There’s a girl, again. Beneath the punishing noise levels, repeating motifs often give the Twilight Sad’s songs their shape. Witness “There’s a Girl in the Corner”, the insistent, roiling opener on Nobody Wants to Be Here and Nobody Wants to Leave. When singer James Graham hurls the accusation, “There’s a girl in the corner / And she’s crying for you / Gonna die for you,” it is an unmistakable call back to the scene set in their 2009 single, “I Became a Prostitute”: “There’s a girl / In the crowd / And she’s bawling her eyes out,” After their last release, No One Can Ever Know (2012), bent away from the barrage of ache and volume that they let loose on Forget the Night Ahead before it, Nobody Wants to Be Here and Nobody Wants to Leave reconciles the approaches of those two previous records while also distinguishing itself from both.
The band’s subsequent creative change-up after bassist Craig Orzel stepped aside in the wake of Forget the Night Ahead might have been as much a product of circumstance as intention, but either way it was still the right time to ease off the volume pedal and try out some keyboards. Instead of rushing to fill the new space, the group decided to explore it, allowing guitarist Andy MacFarlane the chance to work off of sharp icy synth textures, and drummer Mark Devine to give his arms a slight break from the normal pummeling. The especially strong trio of “Not Sleeping”, “Another Bed”, and “Kill It in the Morning” validated the experimenting and ended the LP on a peak.
Another window presented itself, perhaps, when former touring keyboardist Martin Doherty became busy with Chvrches after No One Can Ever Know came out. What Nobody Wants to Be Here and Nobody Wants to Leave confirms, though, is that further electro-reinvention wasn’t in the cards. “Another Bed” and “Kill It in the Morning”, which spliced danceable rhythms into dour DNA in a way that did the legacy of side A of Joy Division’s Closer proud, will, for the time being at least, remain outliers in their repertoire. But neither has the band reverted to old ways. Instead, the new album cuts a third route down the middle, focusing on elevating tension gradually rather than releasing it for maximum devastation, just doing so with less electronics in the foreground than last time.
Even when they use what might be their lightest touch to date, the results still get titled “Drown So I Can Watch”, and bear lines like “I put you through hell / But you carried it oh so well.” Tucked in the middle of the record, “Drown So I Can Watch” is the most surprising turn on the album; gentle, even jangly by their standards. Graham spares his full lung capacity as springing guitar notes tumble down over a Mersey backbeat, his multi-tracked vocals becoming entangled in a tender round; “There’s a girl on my sho-oulder” making another slight lyrical return. Later on, the cruising descent of “Pills I Swallow” also doubles Graham’s vocal parts – a trick that turns up repeatedly, utilizing range instead of roar.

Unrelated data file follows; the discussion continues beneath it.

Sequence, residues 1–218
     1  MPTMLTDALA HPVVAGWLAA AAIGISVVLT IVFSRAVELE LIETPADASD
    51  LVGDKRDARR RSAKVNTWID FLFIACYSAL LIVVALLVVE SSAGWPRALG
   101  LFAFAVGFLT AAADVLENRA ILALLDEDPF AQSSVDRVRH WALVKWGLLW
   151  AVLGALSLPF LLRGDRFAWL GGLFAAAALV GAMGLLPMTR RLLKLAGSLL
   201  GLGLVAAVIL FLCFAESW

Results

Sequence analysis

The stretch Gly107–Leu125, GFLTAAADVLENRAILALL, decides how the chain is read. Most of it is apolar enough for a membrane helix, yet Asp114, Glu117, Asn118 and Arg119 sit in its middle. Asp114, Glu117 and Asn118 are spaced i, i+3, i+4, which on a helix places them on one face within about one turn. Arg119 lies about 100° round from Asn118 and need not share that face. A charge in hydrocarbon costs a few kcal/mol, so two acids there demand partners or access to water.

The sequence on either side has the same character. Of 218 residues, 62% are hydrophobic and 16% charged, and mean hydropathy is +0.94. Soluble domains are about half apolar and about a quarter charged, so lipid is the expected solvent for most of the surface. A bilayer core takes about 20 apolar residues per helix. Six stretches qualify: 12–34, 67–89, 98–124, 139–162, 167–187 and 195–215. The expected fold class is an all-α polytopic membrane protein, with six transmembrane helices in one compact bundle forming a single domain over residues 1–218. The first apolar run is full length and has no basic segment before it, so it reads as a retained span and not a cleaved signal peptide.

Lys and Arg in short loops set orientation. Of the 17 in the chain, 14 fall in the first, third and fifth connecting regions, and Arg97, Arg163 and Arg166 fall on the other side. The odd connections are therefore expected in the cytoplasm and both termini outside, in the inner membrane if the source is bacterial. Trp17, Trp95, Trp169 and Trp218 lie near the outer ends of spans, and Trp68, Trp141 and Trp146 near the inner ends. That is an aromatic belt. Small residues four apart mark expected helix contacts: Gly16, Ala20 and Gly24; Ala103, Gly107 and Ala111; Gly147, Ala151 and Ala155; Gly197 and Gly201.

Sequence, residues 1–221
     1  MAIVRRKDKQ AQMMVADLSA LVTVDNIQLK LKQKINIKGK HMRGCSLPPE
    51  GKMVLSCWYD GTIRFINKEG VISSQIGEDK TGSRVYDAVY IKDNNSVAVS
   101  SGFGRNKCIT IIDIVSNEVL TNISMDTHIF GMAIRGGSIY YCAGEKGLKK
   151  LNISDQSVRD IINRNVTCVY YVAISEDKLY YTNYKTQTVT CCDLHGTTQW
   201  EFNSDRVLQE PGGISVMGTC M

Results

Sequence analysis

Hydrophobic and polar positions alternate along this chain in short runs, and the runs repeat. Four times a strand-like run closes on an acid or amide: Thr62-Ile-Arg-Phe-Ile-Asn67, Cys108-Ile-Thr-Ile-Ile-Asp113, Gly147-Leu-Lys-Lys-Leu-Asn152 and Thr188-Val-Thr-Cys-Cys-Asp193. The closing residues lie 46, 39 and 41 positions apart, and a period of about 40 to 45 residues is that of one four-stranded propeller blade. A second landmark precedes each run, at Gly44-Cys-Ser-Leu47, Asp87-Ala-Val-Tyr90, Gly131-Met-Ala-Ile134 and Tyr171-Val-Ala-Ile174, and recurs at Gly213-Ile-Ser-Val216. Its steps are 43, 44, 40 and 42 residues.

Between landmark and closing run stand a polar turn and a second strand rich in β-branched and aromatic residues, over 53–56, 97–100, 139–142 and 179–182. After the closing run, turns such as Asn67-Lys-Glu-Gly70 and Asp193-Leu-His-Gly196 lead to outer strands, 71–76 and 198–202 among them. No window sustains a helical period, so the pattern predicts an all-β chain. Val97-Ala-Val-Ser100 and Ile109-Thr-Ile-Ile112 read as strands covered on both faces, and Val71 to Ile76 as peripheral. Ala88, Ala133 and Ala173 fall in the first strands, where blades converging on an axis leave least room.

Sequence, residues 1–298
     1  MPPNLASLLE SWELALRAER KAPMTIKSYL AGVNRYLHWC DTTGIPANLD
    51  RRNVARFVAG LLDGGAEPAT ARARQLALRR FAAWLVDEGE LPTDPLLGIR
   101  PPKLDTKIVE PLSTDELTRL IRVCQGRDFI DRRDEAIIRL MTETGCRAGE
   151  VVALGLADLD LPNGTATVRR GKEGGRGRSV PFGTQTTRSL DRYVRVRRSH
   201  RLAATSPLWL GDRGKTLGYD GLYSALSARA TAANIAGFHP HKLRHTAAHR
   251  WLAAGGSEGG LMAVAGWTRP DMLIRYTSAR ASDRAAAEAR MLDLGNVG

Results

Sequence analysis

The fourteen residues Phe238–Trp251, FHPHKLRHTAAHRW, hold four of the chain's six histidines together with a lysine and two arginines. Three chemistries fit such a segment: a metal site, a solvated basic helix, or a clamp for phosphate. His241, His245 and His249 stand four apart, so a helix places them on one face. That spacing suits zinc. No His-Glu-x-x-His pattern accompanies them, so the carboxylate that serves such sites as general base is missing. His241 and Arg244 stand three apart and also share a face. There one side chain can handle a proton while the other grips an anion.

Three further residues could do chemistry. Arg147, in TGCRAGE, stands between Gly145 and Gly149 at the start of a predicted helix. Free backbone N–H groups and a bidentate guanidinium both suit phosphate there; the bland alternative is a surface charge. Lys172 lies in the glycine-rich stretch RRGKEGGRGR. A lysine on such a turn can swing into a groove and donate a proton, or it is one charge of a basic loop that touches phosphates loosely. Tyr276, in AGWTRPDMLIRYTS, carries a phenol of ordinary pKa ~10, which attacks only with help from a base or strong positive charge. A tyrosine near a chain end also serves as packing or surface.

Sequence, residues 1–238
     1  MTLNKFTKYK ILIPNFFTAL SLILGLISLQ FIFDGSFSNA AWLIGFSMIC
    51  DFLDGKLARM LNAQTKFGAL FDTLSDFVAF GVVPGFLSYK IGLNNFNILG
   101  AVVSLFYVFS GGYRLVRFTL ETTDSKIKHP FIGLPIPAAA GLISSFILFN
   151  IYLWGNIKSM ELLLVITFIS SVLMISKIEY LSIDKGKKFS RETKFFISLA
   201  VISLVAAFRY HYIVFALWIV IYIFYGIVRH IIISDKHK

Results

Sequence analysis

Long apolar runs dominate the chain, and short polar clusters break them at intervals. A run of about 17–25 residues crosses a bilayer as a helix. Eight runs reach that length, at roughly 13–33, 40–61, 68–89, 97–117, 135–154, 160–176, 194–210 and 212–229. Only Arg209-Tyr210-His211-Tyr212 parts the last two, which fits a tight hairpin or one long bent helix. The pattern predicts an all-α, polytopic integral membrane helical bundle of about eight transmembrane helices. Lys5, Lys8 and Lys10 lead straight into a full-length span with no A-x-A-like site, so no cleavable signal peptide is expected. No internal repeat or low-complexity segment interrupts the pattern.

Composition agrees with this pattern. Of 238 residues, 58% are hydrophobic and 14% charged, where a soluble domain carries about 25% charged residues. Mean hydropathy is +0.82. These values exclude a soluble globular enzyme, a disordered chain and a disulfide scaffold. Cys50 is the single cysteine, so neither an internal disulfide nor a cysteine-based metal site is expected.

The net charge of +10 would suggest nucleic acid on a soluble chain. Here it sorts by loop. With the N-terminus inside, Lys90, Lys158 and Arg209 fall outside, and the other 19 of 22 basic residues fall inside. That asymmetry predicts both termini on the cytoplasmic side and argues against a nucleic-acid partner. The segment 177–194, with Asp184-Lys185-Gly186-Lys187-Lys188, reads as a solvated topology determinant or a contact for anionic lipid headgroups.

Differences are palpable even in the places that seem most familiar. The welcome one-two of “There’s a Girl in the Corner” and the careening late night drive “Last January” place emphasis on steady momentum; the ferocity of yore not drained, but channeled. “I Could Give You All That” and “It Never Was the Same” grab big choruses without anthemic overreaching. The second half pivots to the muscular “In Nowheres” before the title track wades in reflection and regret (“Can we go back / I won’t keep you here / I won’t keep you long / Can you stay tomorrow? / You won’t leave tomorrow”), floating over a deep undertow of My Bloody Valentine-style churn, a lone horn joining Graham as he forlornly concludes, “I don’t know where it all went wrong.”
The consequence of time’s passage is the red thread that ties these 10 tracks together. A drinking game centered on Graham’s use of the word ‘die’ here would prove fittingly fatal. “There’s no one in the right / So what do you care for?” he implores on “Leave the House”. The final, plaintive “Sometimes I Wished I Could” strands him on the shore with a piano and a muted beating pulse, the ambience heightened in the middle by a passing sound like a distant flock of seaside gulls, as a few lonely realizations turn over and over in his mind: “We’ve been left back / You don’t want me anymore.”
‘Mature,’ ‘refined,’ and other synonyms of the like are all apt descriptors of Nobody Wants to Be Here and Nobody Wants to Leave, which offers a more nuanced musical narrative arc than any of the Twilight Sad’s previous albums. Where quiet moments have more often felt like necessary breathers to reload for further bombardment, here the dynamic shifts between the songs push things forward as much as those within them. Graham’s side of the story, still a beguiling mix of impressionistic emotional distress and peculiar detail, gathers a kind of clarity, articulating more than obscuring. But, really, the Twilight Sad could rock Korgs or kazoos and their core sound would still remain intact. Graham’s distinct brogue incantations and their sodden, soaring refrains are in their bones.